Archive for February 15th, 2009

Curiously, I was at a loss for something to do this morning so I took a trip to the Moon, fully reported on Twitter – where else! Frankly, we would all probably be more free  if we were on the Moon these days given the taste of the present government for CCTV cameras, ID cards, promulgating new criminal offences and Robocop thinking when it comes to controlling the British people.

The latest stunt being pulled by the government in the dying days of their 12 year “Protectorate” ( taste precluded me from using the rather more emotive “Reich”)  is the plan in the Welfare Reform Bill in the House of Commons committee stage this to week to allow the newly renamed Child Maintenance and Enforcement Commission to take away the driving licences and passports of parents who refuse to pay for their children – without a court order. As The Law Society Gazette reported: ” Justice Director Roger Smith described the ‘disproportionate’ sanctions as the thin end of the wedge.  They are sure to creep into others areas of dispute once the link between the method of enforcement and what’s at stake is broken.”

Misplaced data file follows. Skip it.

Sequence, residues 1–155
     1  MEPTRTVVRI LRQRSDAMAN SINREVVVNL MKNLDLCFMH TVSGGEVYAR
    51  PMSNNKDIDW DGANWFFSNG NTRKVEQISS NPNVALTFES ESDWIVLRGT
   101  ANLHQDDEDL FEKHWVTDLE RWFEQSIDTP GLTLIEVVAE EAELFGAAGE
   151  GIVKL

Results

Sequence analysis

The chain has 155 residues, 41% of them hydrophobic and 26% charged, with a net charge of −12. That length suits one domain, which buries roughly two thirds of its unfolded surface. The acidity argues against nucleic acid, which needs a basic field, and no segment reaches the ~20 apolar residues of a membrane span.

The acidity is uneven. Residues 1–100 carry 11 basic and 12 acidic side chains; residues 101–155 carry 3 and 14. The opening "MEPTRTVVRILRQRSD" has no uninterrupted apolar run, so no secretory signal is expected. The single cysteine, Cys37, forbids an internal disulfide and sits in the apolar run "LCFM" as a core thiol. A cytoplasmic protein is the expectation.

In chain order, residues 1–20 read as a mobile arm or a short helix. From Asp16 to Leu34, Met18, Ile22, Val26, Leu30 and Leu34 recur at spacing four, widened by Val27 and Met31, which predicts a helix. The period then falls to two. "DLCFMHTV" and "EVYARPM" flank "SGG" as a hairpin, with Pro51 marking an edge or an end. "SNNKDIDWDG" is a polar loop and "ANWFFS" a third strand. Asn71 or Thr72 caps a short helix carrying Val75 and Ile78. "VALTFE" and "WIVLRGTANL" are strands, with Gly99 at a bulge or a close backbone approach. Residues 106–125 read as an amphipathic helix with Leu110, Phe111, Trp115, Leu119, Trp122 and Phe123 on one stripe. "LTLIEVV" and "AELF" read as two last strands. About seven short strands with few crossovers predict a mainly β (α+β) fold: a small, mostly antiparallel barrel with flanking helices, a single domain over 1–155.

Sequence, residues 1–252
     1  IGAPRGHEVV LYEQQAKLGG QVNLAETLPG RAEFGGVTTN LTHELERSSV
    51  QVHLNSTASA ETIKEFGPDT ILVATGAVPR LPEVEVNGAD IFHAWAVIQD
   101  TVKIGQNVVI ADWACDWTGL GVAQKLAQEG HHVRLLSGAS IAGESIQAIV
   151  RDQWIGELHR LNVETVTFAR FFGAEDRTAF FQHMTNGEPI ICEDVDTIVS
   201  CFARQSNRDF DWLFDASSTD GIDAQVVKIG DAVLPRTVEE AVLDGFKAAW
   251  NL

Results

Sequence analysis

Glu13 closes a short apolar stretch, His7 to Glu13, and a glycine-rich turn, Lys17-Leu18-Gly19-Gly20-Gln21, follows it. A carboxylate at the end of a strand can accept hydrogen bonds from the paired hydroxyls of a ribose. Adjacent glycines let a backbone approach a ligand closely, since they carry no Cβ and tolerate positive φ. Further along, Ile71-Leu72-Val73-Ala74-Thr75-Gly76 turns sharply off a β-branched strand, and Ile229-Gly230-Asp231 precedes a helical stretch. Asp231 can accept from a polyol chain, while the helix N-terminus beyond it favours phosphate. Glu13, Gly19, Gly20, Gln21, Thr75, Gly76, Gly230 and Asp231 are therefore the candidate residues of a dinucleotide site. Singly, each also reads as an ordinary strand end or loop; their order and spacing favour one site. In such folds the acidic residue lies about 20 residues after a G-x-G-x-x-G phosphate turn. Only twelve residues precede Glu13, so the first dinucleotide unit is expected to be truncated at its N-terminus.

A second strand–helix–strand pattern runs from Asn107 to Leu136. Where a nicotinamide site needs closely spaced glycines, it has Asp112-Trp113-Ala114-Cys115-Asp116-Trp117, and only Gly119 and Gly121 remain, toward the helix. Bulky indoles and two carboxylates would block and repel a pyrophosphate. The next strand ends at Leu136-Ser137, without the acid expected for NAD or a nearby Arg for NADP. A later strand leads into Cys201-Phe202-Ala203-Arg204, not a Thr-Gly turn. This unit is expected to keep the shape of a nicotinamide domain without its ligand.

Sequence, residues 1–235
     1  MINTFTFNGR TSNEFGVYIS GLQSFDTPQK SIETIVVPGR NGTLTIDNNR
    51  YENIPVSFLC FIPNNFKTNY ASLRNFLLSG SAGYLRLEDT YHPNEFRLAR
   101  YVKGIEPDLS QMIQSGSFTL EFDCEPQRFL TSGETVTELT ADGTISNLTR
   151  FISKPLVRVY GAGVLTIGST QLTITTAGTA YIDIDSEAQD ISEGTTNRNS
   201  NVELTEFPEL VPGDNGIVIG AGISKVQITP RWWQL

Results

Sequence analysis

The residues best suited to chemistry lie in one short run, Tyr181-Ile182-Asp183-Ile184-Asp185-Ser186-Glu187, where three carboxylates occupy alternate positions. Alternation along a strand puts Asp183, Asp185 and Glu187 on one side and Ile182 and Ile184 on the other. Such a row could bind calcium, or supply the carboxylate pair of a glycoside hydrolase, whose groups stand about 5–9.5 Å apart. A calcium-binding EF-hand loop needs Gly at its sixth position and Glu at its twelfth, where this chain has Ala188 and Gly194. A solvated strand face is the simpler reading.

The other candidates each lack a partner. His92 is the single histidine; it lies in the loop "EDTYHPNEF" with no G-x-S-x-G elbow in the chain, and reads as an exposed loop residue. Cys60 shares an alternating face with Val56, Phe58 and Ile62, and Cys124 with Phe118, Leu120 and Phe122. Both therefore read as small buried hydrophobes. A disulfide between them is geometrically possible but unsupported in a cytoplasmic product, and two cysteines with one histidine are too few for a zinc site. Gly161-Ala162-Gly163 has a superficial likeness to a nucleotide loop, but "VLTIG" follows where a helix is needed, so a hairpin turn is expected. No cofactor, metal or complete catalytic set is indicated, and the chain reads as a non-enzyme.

Another stunt pulled by the government was to jail parents for the truancy of their children. The BBC reported this week: “A parent is jailed for their child’s truancy once a fortnight every school term in England and Wales, analysis of court statistics shows.”